With 9/11, military measures took pride of place, as during the Cold War. First was unleashing the still unfinished anti-terror war. It diverted resources from more efficient market usages, spawned apprehensions and negative mindsets, encouraged countries to sharpen their knives, and littered negotiations tables with suspicion and single-shot tactics.

Then followed a spate of not just sanctions, but applied in the wrong places at the wrong time. Those pitted against Iran, which, as a matter of fact, just began, depicts the depravity entering the soul of free-market thinking. Iran will be pushed to its knees, but the European Union and India, among others, have thus far vowed to not follow through, prompting the United States to adopt exceptions for eight countries, led by China, India, and Turkey. Here is another case of political considerations buttressing a political decision over economic issues.

Exploitation opportunities open up for other countries, widening global political differences: China's Belt-Road-Initiative carries offsetting provisions; Russia's spoiler role, as in Syria; and Saudi Arabia can divert attention from its Istanbul consulate fiasco and, given its historical enmity with Iran/Persia and undercover alliance with Israel, cow Iran down.

If Trump's United States is placing his China containment policy-approach into higher gear, it cannot but make concessions in the only area where its comparative advantage remains: selling or sharing military hardware/knowledge, with Saudi Arabia from last year, and India from this. As Winston Churchill's eye-raising collaboration with a murderous Joseph Stalin during World War II comes to mind: he was willing to 'hold hands with the devil' to 'cross the bridge' in a way too many questionable hands beg to be held over real and imaginary bridges today.

Finally, terminating any military negotiations presages tough times ahead. One reason why the post-World War II 'Cold War' remained 'cold' was because of the silent yet continued negotiations between the Soviet Union and the United States. Only last month, Trump terminated talks just when START (Strategic Arms Reduction Talks) renewal arrived. Unbound, the two key countries can now go for the jugular as they wish; and once they do, we can be sure satellite countries will swoon in for the spoils.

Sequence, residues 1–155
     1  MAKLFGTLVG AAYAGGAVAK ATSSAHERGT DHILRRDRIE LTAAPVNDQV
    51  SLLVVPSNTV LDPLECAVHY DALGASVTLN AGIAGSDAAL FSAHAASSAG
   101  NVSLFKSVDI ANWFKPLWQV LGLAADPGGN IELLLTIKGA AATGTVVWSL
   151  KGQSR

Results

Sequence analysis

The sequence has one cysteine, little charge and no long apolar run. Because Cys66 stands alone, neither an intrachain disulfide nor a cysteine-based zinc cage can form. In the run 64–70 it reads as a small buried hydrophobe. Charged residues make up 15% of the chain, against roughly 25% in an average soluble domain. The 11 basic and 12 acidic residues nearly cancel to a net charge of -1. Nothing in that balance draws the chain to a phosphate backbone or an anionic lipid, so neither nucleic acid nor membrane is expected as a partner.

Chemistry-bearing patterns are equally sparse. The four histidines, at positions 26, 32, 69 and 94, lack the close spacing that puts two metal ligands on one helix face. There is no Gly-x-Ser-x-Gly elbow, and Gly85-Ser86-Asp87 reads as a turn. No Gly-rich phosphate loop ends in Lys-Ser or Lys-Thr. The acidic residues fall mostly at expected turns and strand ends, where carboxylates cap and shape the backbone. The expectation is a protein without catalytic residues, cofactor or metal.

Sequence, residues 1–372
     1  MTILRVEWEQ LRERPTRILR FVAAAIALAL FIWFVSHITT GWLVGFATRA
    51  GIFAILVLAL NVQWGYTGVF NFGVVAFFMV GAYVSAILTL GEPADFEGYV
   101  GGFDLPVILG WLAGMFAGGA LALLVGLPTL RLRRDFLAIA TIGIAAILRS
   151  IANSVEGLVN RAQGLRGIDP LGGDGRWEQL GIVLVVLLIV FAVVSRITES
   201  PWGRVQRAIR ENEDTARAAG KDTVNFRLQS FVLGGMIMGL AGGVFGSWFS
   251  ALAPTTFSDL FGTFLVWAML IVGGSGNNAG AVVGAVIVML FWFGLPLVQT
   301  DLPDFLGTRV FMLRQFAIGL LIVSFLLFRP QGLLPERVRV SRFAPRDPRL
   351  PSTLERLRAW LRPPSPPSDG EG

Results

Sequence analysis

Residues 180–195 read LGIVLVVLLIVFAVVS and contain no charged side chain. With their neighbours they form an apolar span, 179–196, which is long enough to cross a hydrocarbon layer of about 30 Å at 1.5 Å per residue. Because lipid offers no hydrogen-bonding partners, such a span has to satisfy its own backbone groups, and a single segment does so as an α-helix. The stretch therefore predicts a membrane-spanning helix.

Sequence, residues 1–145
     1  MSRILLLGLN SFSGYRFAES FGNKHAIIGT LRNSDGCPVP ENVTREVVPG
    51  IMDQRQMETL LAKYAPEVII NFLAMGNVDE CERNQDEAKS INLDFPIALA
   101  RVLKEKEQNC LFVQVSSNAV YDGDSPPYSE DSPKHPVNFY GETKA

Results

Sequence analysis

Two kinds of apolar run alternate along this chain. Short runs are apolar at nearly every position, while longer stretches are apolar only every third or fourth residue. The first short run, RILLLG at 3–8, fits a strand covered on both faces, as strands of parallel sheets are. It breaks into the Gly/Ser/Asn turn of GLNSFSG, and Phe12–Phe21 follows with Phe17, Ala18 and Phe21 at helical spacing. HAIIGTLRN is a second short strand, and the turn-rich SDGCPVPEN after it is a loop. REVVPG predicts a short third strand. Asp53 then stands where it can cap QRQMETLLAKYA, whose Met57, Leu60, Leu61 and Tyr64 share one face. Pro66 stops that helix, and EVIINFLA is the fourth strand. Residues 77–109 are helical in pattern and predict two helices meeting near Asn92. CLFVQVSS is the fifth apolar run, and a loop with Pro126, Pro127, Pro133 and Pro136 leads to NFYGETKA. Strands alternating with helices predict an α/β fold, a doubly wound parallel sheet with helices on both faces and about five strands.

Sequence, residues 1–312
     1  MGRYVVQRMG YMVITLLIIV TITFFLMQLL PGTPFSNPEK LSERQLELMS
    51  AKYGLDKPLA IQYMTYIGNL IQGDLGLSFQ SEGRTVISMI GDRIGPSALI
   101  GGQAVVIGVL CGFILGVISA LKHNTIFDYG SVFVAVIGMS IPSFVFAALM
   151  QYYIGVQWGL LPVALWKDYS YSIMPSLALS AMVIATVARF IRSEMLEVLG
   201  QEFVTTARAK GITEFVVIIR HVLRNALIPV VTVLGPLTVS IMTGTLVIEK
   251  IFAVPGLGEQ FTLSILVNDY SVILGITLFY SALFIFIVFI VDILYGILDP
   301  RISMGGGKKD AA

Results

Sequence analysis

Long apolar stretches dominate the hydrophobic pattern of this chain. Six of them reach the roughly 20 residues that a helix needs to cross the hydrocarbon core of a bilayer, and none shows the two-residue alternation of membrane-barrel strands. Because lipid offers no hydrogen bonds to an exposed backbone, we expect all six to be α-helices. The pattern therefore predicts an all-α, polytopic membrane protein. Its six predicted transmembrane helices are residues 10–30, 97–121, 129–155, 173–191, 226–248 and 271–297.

That means market tumult. Evident, principally, in the world's more prominent markets, it is likely to shift from 'hard' punches (tariffs) to multiple 'soft' blows (lots of non-tariff barriers). 'Who's who', rather than 'what's what' might determine the length, breadth and depth of the foreseeable future. As the very country introducing the liberal then neo-liberal order, the United States exposes how business cycle dynamics can impact world leadership: it is what greeted Great Britain at the start of the last century, until World War II put the United States at the top; it threatened to happen to the United States in the 1970s, until the Soviet Union broke down before the United States could suffocate economically (it was too far from that choke-point); and could be happening even now. Will the United States thwart this thrust, as in the 1970s-80s, or will China seize the pedestal?

Political pedaling is but a sign that some change is afoot: how long it will take, what form it might assume, and why it is important may hold lots of clues, but what is for sure is the world getting too crowded in a time-span too short to bring the stability that shadowed past leaders.

Dr. Imtiaz A. Hussain is Professor & Head of the Department of Global Studies & Governance at Independent University, Bangladesh.